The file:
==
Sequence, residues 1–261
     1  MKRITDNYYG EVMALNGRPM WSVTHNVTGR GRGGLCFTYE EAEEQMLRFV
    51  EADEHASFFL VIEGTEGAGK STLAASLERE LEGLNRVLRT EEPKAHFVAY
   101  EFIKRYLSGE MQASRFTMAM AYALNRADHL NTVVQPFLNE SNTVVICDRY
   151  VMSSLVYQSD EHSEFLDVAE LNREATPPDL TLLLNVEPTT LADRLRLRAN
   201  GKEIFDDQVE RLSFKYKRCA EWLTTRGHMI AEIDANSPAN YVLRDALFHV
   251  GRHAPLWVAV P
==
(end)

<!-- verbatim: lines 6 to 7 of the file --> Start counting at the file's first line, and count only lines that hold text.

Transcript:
   201  GKEIFDDQVE RLSFKYKRCA EWLTTRGHMI AEIDANSPAN YVLRDALFHV
   251  GRHAPLWVAV P